Financial problems beleaguer UC Berkeley(Read article summary)
The Cal Athletic Department was subsidized by the university to the tune of $13.7 million. If the Cal athletic department is losing money, many other large athletic programs may also be in the red.
Melanie Stetson Freeman/The Christian Science Monitor/File
And it has nothing to do with the sorry state of the State Budget. I got an interesting cold call yesterday from a faculty member at UC Berkeley. He is a member of a task force examining the financial crisis in the Cal Athletic Department. According to an article in the Daily Californian, the athletic department was subsidized by the university to the tune of $13.7 million dollars last year, including a $5.8 million dollar “loan” from the “former vice chancellor of administration.” I can guess where the “former” came from. Based on the article, things got rather heated at a meeting to discuss the preliminary report of the task force that took place yesterday.
Economists have long recognized that accounting problems associated with intercollegiate athletics makes it very difficult to assess the financial impact of big time college sports. No generally accepted accounting procedures exist in this area, and accounting differences across campuses (and within individual institutions over time) makes it almost impossible to determine the profitability of a big time college athletics program. TSE co-blogger Brian Goff wrote one of the best case studies I know of, and concludes that even a relatively small athletic program like Western Kentucky produces a small surplus on average. I have no idea what the actual state of the athletic department budget is at Cal, but where there’s smoke, there’s fire. If the Cal athletic department is losing money, many other large athletic programs may also be in the red.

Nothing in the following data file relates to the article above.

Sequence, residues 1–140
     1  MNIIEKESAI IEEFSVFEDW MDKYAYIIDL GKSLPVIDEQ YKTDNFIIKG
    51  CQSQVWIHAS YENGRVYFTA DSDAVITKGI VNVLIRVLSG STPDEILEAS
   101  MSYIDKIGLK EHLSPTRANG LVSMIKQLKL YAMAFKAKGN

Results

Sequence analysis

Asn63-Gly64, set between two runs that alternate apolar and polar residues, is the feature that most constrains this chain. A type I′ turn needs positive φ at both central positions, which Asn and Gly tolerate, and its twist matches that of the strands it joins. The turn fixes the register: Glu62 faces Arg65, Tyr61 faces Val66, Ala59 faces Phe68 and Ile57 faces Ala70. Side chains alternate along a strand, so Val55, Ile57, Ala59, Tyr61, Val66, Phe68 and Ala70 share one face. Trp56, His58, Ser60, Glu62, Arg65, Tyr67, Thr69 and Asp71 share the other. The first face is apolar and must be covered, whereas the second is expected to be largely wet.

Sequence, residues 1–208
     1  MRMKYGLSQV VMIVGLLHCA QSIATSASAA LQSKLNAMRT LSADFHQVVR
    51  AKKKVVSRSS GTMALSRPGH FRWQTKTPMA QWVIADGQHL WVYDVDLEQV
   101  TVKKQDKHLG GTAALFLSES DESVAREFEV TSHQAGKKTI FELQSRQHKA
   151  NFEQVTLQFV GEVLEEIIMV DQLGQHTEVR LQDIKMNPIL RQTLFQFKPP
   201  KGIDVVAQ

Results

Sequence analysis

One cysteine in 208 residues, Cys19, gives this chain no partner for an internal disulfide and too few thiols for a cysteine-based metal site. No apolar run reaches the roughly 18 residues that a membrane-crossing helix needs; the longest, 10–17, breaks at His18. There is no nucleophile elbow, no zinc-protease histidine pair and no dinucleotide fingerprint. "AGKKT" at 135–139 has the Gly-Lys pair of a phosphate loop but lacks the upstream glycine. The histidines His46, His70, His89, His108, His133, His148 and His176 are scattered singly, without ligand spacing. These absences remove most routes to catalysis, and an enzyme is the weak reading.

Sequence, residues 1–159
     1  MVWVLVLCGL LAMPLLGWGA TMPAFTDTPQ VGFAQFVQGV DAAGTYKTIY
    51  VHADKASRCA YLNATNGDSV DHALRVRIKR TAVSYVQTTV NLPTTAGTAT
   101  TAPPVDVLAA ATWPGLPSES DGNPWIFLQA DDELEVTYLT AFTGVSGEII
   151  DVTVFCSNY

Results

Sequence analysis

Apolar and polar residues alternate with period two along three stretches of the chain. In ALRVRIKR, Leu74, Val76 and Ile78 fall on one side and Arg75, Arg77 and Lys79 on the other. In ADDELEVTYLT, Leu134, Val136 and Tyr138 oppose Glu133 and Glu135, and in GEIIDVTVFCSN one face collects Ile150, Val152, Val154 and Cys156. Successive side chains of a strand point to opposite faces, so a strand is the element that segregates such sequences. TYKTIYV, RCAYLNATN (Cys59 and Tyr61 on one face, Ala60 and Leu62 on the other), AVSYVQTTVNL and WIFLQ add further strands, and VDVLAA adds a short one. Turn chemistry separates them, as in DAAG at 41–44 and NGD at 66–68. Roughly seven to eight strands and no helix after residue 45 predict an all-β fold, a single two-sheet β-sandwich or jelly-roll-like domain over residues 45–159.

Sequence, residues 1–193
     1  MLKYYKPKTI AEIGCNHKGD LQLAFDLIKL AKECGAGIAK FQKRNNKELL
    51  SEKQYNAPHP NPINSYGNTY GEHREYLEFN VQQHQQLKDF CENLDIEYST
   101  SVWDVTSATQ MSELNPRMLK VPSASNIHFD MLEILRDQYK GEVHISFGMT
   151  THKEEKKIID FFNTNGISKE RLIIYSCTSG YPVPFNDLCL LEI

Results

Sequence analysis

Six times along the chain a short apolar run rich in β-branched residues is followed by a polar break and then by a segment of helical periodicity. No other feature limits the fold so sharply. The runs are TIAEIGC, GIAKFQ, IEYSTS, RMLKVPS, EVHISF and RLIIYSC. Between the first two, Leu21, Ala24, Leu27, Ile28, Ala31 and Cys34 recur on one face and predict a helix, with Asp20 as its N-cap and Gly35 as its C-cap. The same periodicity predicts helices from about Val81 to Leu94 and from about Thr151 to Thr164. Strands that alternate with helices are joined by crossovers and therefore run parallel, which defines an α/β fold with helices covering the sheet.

I was contacted because the relationship between athletics and donations is one of the issues being studied by the task force. I have written a couple of papers on the topic that find a small positive correlation between athletic success and donations, and a larger impact of the presence of a Division I-A football program on state appropriations.
It will be interesting to see how this plays out in Berkeley. The final report is due in the summer. In a financial environment where faculty are taking furlough days that amount to an 8% pay cut, and where many departments are eliminating telephones for everyone but the chair, it’s easy to see why faculty would be up in arms about almost $14 million flowing from the university to the athletic department.
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